Tubular necrosis, hyaline, and haemorrhagic casts have been found and interpreted as significant indicators in nephrotoxicity . In our study, the histologic evaluation showed severe hyaline and haemorrhagic cast and moderate tubular necrosis for the glycerol group. Low-dose levosimendan administration relieved only hyaline casts. Although high dose levosimendan improved hyaline and haemorrhagic casts, there has been no effect on moderate tubular necrosis.
A limitation of the study was the limited number of rats used. Additionally, only two (not multiple) dose administrations have been applied. Furthermore, in our experiment, the levosimendan was administered intraperitoneally, whereas levosimendan for human use is administered intravenously; however, in rats, the bioavailability of intraperitoneal absorption is high, close to intravenous route. Additionally, multiple injections from the tail vein cause coagulation and occlusion. In this study, the contrast agent has been given from the tail vein.
In conclusion, this study showed that levosimendan has nephroprotective, antioxidant, and anti-inflammatory effects on contrast medium nephrotoxicity aggravated by glycerol in rats. Levosimendan provides this effect by decreasing oxidative stress and blocking the secretion of pro-inflammatory cytokines that trigger the inflammation in the kidney. Further clinical investigation is needed to better clarify the protective effects of levosimendan to protect from contrast medium nephrotoxicity.
Availability of data and materials
Data are available on request.
Blood urea nitrogen
Complementary deoxyribonucleic acid
Messenger ribonucleic acid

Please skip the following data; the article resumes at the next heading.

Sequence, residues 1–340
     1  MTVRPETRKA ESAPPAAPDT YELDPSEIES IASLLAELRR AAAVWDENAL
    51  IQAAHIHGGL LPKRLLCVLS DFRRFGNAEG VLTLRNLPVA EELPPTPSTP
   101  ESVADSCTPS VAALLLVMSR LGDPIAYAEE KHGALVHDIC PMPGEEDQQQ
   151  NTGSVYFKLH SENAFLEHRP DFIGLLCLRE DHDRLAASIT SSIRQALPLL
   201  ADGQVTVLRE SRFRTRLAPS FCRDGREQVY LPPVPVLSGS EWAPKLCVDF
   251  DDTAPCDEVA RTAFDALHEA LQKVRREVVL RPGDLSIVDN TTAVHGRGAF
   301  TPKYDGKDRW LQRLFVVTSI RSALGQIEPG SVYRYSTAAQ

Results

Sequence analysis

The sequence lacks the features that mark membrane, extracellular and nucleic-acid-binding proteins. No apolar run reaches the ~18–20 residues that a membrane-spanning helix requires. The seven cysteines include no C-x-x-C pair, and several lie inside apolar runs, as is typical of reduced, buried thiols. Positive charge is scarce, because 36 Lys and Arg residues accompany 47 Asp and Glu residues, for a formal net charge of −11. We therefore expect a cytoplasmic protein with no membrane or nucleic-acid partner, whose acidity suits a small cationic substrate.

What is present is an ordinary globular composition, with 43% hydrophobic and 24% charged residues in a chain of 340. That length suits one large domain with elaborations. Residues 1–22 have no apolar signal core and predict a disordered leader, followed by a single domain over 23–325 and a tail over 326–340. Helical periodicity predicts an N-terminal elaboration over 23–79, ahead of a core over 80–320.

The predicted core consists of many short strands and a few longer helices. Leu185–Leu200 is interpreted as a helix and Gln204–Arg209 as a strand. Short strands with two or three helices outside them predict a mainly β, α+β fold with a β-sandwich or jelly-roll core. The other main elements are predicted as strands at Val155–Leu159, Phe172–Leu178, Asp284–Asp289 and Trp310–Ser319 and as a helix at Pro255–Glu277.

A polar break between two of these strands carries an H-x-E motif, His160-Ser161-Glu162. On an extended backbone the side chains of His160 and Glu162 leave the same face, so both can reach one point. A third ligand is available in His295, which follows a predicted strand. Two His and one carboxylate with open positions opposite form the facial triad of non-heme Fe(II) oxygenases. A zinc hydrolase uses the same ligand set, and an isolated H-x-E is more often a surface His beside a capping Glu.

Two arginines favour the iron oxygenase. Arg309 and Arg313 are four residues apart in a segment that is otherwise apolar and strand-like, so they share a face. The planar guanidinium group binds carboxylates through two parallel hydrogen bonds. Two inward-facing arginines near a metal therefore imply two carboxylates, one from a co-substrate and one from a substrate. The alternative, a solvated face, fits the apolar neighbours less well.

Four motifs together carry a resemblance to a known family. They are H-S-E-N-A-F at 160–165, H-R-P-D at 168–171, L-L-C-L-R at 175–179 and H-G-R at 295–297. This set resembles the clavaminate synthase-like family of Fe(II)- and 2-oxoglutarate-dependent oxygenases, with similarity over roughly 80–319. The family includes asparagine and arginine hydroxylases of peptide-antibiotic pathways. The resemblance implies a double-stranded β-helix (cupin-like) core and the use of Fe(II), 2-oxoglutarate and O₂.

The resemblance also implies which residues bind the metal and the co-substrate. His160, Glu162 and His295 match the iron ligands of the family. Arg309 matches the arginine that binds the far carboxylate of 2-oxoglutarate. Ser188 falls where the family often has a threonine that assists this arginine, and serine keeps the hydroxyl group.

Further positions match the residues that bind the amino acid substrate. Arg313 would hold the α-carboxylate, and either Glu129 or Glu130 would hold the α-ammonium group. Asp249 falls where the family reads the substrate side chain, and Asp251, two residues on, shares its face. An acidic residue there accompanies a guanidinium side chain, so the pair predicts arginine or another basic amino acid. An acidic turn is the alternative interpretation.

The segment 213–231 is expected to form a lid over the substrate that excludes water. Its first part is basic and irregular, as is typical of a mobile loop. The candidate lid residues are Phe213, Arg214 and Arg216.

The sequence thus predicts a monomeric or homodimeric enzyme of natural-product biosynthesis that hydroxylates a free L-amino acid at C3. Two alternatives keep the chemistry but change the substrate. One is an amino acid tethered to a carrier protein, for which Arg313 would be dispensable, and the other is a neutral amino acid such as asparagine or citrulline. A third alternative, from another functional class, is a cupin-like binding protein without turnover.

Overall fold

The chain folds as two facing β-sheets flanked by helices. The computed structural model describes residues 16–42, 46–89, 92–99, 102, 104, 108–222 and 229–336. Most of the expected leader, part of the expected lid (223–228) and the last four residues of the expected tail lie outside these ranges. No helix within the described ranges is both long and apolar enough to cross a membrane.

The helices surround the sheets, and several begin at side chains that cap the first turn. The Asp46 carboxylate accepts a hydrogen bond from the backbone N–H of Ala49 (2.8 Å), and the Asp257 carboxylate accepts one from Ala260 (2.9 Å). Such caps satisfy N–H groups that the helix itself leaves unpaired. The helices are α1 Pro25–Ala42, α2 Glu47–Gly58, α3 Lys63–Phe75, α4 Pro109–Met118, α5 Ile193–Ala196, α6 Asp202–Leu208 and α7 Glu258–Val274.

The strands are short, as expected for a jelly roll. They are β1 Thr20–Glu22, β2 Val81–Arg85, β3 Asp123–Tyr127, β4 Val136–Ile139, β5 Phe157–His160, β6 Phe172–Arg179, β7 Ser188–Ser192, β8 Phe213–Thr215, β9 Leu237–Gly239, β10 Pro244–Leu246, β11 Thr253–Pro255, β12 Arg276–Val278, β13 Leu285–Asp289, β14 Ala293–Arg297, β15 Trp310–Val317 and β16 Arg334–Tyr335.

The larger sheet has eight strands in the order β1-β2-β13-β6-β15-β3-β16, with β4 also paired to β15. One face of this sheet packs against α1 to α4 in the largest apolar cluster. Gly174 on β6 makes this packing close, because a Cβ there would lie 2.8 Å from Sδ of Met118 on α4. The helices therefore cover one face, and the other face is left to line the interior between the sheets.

Nuclear factor kappa β
Polymerase chain reaction
Tumour necrosis factor α
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This study is unique and is not under consideration by any other publication and has not been published elsewhere. This study has been orally presented at the European Congress of Radiology (ECR) 2021.
The authors received no financial support for the research, authorship, and/or publication of this article.
Authors and Affiliations
Department of Radiology, International Faculty of Medicine, Istanbul Medipol University, TEM Avrupa Otoyolu, Goztepe Cikisi No:1, Bagcilar, Istanbul, Turkey
Department of Radiology, Ataturk University Faculty of Medicine, Erzurum, Turkey
Irmak Durur-Subasi, Adem Karaman & Fatih Alper
Department of Pharmacology, Faculty of Medicine, Ataturk University, Erzurum, Turkey
Duygu Kose & Busra Sirin
Department of Pharmacology, Kafkas University Faculty of Medicine, Kars, Turkey
Department of Pathology, Faculty of Medicine, Fırat University, Elazig, Turkey
Study design: IDS, AK, and DK. Data collection: IDS, AK, and DK. Outcome assessment and data analyses: IDS, AK, DK, BS, IC, FA, and MY. Wrote the paper: IDS, AK, and DK. The author(s) read and approved the final manuscript.
The investigation procedure was permitted by the institutional review and animal-care boards of the Ataturk University Faculty of Medicine. All the investigations and prosecutions were made in agreement with nationwide guiding principles on behalf of the practice and research animal care.
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Durur-Subasi, I., Kose, D., Yayla, M. et al. Does the cardiovascular drug levosimendan prevent iodinated contrast medium nephrotoxicity with glycerol aggravation in rats?.
Eur Radiol Exp5, 49 (2021). https://doi.org/10.1186/s41747-021-00249-7